The Biggest Cause of Anxiety and Depression

anxiety and depressionAn October 2013 study found that traumatic life events were the biggest determinant of anxiety and depression, beating out family history of mental health, income, education, relationship status, and other social factors.[1] More than two-thirds of all adults will experience at least one traumatic event in their lifetime, proving how influential life events truly are on the human psyche.1

In fact, researchers from three United Kingdom Universities analyzed the responses of 32,827 people to online questionnaires, finding that social deprivation and/or traumatic life experiences predicted significantly higher levels of anxiety and depression.[2] Traumatic life events often cause lack of adaptive coping, rumination, and self-blame.2

Anxiety is defined as a feeling of worry or concern about an uncertain outcome.1 Ranging from mild to severe, it is a debilitating feeling and hampers the ability to live.1 Anxiety can manifest in a variety of ways, including irritability, fatigue, poor sleep, and the inability to concentrate.1 These are all signs of an anxiety disorder, such as obsessive-compulsive disorder, social anxiety disorder, post-traumatic stress disorder (PTSD), and panic disorder.1

Depression is characterized by low mood, loss of self-esteem, and loss of interest in normally enjoyable activities.1 Anxiety can also be an unseen accompaniment of a depressed mood, and while the emotional symptoms of anxiety and depression are quite well-known, few actually recognize the physical symptoms as well.1 Physical symptoms often manifest as headaches, muscle aches, nausea, fatigue, and appetite and weight changes.1 Many turn to alcohol and drugs to deal with their uncomfortable symptoms.1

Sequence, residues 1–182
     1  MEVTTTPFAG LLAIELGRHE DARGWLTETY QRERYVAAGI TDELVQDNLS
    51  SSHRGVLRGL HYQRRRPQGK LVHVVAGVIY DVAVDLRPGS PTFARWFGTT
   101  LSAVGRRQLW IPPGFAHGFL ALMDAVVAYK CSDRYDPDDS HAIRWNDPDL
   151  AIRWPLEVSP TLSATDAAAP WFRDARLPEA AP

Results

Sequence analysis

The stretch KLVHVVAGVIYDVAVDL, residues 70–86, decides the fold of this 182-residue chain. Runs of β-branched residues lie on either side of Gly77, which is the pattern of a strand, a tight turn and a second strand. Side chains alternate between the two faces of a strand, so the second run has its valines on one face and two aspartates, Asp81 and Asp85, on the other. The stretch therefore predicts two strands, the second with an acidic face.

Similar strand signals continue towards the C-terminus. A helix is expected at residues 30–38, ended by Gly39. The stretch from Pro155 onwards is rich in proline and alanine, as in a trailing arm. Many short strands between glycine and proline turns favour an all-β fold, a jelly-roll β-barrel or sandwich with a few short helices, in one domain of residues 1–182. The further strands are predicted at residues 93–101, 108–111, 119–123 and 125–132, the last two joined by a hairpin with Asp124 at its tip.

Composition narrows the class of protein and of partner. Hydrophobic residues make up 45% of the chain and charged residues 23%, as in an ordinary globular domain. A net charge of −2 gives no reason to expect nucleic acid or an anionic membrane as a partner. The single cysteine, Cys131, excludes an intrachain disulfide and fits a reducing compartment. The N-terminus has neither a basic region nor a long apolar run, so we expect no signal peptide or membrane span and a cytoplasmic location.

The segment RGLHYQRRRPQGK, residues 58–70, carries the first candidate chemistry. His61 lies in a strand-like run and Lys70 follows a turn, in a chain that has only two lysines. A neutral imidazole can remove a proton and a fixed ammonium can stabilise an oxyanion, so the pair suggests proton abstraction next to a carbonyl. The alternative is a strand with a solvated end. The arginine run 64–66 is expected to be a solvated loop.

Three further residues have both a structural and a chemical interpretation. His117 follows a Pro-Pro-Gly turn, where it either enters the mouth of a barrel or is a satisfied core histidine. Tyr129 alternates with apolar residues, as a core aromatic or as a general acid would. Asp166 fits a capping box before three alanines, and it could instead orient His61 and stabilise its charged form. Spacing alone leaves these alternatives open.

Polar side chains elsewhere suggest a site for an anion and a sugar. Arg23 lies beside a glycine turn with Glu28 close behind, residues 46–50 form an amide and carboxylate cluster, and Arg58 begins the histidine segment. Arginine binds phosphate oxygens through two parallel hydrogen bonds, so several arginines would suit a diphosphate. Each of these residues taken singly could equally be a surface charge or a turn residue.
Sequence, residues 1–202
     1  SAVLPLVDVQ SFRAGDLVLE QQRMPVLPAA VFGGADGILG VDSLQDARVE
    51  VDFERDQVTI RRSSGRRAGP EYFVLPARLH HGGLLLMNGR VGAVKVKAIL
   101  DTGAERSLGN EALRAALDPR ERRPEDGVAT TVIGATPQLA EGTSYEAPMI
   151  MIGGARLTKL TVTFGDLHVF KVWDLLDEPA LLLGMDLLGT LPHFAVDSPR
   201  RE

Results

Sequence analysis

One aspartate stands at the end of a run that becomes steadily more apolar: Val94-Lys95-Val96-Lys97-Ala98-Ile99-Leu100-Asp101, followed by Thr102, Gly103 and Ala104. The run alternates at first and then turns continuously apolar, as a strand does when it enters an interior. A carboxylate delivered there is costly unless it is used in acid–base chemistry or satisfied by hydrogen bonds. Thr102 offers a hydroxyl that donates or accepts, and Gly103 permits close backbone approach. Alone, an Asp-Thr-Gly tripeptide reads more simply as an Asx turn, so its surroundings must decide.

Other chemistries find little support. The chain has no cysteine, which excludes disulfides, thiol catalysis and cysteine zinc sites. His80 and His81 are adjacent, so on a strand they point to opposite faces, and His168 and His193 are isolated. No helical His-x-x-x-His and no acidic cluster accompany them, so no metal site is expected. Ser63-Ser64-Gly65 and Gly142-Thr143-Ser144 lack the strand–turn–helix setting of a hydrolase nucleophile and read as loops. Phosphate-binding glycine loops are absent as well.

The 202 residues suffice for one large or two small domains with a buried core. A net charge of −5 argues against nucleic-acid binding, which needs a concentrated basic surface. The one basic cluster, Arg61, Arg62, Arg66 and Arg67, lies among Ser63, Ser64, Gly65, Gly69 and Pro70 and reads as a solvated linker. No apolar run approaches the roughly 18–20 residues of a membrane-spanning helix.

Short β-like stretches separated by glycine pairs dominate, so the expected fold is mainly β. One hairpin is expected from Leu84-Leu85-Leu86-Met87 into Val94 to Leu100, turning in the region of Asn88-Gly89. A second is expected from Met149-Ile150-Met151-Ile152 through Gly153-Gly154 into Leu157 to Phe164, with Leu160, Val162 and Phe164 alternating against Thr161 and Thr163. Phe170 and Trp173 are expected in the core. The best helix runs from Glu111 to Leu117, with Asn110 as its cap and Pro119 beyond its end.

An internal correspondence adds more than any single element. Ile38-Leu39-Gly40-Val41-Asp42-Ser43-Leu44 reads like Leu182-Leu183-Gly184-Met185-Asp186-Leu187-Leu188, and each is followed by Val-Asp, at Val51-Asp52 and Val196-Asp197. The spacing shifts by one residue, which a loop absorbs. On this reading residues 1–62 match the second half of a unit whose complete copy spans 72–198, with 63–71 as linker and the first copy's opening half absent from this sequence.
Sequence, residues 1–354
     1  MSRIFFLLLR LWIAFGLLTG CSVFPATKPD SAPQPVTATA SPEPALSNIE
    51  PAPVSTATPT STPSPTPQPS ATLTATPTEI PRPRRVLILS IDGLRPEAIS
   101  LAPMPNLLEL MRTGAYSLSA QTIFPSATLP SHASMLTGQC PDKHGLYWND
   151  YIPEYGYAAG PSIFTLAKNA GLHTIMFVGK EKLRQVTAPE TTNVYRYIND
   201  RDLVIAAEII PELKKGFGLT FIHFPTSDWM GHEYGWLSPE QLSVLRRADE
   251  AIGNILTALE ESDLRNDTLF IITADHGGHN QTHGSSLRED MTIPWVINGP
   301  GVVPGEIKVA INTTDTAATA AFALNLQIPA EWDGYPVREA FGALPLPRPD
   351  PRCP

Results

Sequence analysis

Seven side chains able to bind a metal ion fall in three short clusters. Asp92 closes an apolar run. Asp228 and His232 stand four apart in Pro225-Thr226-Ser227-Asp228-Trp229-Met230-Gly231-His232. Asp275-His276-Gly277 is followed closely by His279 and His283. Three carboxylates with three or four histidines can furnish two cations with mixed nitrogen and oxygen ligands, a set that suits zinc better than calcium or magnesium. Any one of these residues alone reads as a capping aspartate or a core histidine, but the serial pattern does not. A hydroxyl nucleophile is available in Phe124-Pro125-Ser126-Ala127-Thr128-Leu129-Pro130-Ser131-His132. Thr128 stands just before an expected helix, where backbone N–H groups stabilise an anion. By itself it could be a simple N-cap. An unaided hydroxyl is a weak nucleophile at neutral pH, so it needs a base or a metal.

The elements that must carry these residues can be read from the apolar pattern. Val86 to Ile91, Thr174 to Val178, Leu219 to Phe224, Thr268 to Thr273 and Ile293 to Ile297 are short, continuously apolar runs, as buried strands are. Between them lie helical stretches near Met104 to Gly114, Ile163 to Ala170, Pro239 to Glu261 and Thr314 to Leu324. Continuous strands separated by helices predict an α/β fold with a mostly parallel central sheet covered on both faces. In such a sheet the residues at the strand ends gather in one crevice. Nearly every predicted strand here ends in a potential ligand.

Scientists look at the interaction between two receptors, CRFR1 and 5-HTRs, when looking for the exact mechanism that causes the stress of life events that lead to anxiety and depression.1 CRFR1 is a corticotrophin releasing receptor that is responsible for the anxiety response to stress while specific types of serotonin receptors lead to depression.1 The University of Western Ontario study showed that CRFR1 increased the number of 5-HRTs, causing abnormal brain signaling.1 CRFR1 activation leads to anxiety in response to stress, and 5-HRTs lead to depression, showing the pathways connect through distinct processes in the brain.[3]

Depression and anxiety often happen together in people who have experienced traumatic life events, and the reasons for both relate to these severely stressful experiences.3 Research to discover and block the pathways responsible for the link are underway, for better treatment and response.3

[1] Bundrant, M. (2014). Traumatic Life Events Are the Biggest Cause of Anxiety and Depression. Psych Central. Retrieved on January 7, 2014, from http://blogs.psychcentral.com/nlp/2014/01/traumatic-life-events-are-the-biggest-cause-of-anxiety-and-depression/

[2] Kinderman P, Schwannauer M, Pontin E, Tai S (2013) Psychological Processes Mediate the Impact of Familial Risk, Social Circumstances and Life Events on Mental Health. PLoS ONE 8(10): e76564. doi:10.1371/journal.pone.0076564

Leave a Reply

Your email address will not be published. Required fields are marked *

We are the only facility in Florida owned and operated by an addiction psychiatrist involved in all treatment decisions. Learn more
Hello. Add your message here.